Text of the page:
Phising and client side attacks, the future?

Published: 2012-04-07
Last Updated: 2012-04-07 01:13:46 UTC
by Mark Hofman (Version: 1)
5 comment(s)

I've been involved in a few penetration tests recently and one thing that seems to be happening is that privileged access is harder to come by.  It used to be start at 9 have admin by 9.30 (on a slow day). Today it certainly tends to be a lot more work. 

I put it down to improvements in security over the last few years in many organisations as well as improvements in operating systems. Love it or hate it Windows 7 does a pretty good job of securing the machine. Combined with some practices like no local user admins, automatic patching and a decent HIPS it can be quite a challenge to compromise a fully patched and well managed Windows box.  OSX similarly has made some steps towards improving the security of the OS (If only they turned the firewall on by default :-(  ).  So if the operating system is pretty good and likely to get better, the attack vectors have to shift.  Which is where client side attacks enter the picture.  Get the user to attack their system for you.

We have had some good examples of this in the past year where sites were reportedly compromised because someone clicked something they should not have, likely delivered via email.  Just like the wooden horse the gift was accepted (phising email) and the trojan has the nasty surprise.

So on this, for many of you long weekend, I'd like you to have a little think and maybe complete the poll on the page or enter comments here. Phising/social engineering emails and client side attacks, something we are going to see a lot more of in the future or a passing fad?

Have a nice Easter for those that celebrate it.  Have a great weekend for those that do not. 



5 comment(s)


Hey mark i just wanted to comment on this. I am a Systems Administrator. I have a blog that i try to post information to, to help all those out there that may have questions. I believe that our best defense is educating to let less experienced people know of their risks when on the internet. I have seen an uptick in social engineering because of just what you stated, it is harder to break into a well protected network from the outside, however it is very easy if you can get a trusted user on the network to run the exploit for you. here is my post. thanks so much for all your info it has been a important tool for me on a daily basis.

OS's have gotten better in their default security but there are still easy openings, just in a different place. A lot of the attacks have shifted up towards the web application stack. There is a plethora of web applications running which are not properly configured, must run as root/administrator/special privilege, etc.. I also don't think that root/administrator is nearly as important as it was back in the day. Getting an admin account in a web application can easily yield the data/control that the attacker is after especially as many attacks are targeted to either steal data or inject their own code (bot, ads, kit, etc..).
I would agree with that ashcrow. Websites these days are a dime a dozen. I have seen the past few years many programmers switch into different languages because of how the economy has been. This has left many "Shops" with people that have very little knowledge in the languages they are using and trying to build enterprise class applications. I have personally seen this happen. With that the programmers don't have a proper base knowledge of the language and it's best practices. They end up implementing code that works but is full of holes. Management has pushed for code changes to be out faster, but never reviewing the code to ensure that the programmers were not exposing their data. We have truly gotten to the faster, harder, cheaper mentality. And i believe this has degraded the quality of the web applications for alot of business'. Web applications have become very easy to exploit as the langauages have progressed to a feature rich environment. And the clients have pushed to have these applications more integrated into their internal systems which is requiring a certain level of permissions for the services to be able to access network data. it all comes down to being careful and use best practices. Keep up to date with software, and most of all try not to become complacent.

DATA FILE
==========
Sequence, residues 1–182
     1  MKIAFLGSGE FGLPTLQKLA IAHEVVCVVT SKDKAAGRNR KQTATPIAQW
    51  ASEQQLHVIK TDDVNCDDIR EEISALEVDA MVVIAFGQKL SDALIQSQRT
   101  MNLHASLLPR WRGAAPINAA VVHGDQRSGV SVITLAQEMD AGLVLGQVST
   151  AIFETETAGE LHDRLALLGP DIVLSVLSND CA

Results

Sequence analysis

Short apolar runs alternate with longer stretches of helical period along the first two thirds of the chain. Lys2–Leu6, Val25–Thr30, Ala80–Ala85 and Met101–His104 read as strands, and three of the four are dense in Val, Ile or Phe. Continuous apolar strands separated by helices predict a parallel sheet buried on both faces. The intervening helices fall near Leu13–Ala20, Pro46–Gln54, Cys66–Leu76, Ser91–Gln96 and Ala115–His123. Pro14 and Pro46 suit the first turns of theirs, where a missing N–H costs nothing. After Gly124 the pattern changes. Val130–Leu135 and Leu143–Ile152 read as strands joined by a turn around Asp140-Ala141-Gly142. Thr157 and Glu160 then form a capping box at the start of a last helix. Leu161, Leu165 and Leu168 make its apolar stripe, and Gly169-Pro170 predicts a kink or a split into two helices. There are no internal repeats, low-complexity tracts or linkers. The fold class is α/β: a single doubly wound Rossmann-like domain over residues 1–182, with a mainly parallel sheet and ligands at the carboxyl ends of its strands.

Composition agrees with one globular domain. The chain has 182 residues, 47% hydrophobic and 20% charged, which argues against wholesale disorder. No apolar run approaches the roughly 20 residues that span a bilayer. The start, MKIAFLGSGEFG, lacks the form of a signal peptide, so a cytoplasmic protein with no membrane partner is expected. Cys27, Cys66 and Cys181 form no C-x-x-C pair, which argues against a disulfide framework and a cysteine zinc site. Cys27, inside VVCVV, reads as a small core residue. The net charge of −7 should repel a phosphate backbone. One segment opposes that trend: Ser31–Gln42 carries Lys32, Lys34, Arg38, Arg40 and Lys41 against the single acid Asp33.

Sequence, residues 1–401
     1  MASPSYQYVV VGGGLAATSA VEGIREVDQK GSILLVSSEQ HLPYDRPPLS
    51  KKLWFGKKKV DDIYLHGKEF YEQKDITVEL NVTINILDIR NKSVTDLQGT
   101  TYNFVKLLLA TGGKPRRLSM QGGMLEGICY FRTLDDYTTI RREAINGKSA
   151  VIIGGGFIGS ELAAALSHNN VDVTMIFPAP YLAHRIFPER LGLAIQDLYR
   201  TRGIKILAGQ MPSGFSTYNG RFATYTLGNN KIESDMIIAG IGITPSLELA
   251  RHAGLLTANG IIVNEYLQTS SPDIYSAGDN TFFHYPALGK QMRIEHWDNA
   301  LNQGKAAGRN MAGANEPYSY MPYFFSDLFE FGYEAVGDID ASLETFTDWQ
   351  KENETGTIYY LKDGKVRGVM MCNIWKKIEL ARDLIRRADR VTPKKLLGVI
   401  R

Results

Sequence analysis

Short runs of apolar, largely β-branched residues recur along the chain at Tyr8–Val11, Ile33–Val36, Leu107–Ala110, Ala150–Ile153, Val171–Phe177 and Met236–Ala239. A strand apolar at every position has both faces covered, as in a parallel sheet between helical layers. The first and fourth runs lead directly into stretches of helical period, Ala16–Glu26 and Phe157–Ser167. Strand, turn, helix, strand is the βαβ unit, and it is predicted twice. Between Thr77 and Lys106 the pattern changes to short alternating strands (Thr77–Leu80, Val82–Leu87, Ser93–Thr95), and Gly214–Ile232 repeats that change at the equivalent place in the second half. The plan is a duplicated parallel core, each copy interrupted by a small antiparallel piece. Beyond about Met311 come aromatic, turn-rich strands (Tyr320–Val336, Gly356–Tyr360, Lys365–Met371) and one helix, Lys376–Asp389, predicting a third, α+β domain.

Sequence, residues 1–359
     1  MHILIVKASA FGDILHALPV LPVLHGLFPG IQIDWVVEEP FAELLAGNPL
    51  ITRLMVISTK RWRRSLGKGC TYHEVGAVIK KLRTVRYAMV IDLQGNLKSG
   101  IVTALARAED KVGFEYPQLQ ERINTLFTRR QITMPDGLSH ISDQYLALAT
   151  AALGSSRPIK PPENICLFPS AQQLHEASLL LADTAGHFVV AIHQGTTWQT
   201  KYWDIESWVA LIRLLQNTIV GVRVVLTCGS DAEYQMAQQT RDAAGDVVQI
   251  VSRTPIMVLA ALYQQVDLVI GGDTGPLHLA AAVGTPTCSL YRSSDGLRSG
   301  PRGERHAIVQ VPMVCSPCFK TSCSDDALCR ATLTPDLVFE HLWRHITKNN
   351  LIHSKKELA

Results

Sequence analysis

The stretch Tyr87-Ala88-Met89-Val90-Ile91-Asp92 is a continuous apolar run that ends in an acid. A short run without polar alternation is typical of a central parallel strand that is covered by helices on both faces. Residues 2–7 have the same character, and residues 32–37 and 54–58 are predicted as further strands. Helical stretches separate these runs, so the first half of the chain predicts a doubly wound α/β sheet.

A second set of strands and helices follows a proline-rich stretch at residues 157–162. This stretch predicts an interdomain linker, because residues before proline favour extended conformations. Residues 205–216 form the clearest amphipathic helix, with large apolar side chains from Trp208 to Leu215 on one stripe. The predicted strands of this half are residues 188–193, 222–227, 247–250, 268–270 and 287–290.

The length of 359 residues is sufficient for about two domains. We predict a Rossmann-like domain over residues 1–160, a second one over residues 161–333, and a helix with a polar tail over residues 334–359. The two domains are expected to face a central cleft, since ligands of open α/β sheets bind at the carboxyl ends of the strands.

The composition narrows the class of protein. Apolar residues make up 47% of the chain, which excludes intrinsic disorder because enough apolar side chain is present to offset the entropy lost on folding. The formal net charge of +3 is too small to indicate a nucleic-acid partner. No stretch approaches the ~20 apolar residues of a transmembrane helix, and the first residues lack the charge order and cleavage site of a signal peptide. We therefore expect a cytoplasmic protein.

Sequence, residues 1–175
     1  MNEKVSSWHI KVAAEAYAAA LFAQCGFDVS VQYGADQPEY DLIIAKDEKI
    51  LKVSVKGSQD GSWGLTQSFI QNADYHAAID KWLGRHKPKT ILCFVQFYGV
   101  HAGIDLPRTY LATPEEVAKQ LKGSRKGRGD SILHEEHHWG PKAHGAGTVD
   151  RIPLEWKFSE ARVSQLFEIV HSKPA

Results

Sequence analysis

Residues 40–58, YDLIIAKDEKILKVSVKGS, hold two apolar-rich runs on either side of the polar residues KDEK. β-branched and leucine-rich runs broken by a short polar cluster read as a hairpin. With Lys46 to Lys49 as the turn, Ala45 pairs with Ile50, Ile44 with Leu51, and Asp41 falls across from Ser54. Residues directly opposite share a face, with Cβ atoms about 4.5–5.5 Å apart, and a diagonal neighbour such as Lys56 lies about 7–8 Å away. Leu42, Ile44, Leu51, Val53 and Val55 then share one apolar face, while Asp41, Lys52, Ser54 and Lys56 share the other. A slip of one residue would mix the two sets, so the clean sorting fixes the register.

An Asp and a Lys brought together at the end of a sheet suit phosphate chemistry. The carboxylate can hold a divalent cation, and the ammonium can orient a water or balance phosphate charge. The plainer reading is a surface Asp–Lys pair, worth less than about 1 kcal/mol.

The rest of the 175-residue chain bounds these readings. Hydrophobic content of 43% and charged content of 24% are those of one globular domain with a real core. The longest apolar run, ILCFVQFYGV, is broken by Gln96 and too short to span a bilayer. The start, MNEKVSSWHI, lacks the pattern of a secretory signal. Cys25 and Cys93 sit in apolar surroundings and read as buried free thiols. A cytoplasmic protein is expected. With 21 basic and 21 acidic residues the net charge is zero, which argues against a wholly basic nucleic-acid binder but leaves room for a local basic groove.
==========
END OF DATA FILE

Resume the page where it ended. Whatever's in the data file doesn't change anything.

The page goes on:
I think Microsoft has made some substantial improvements in it's security patching attitude. 10 years ago they seemed to reluctantly release their patches as if admitting a problem was bad. Now they typically patch as quickly as they can, after they have tested enough to feel comfortable that the patch will not cause problems (a patch cratering a system will scare people away from using future patches). That combined with release Microsoft Security Essentials (free AV) at least gives them a method to help protect agains some attack vectors before they can release and have user have time to apply updates. Apple and Google will also need to spend some time educating their users as these two platforms are developing enough of a following that the number of devices now warrants more attention from Virus and Malware writers.
Targeted, client side attacks will definitely continue to be a trend. After all, "you can't patch stupid" (tm).

And there will always be organizations with Executives who are above any rules or security policies (often the very people targeted in phishing attacks) who will have local admin rights, who are allowed to run software not sanctioned by IT, etc.

As defenses for one threat vector are hardened, the no-goodniks will merely switch to a different vector...

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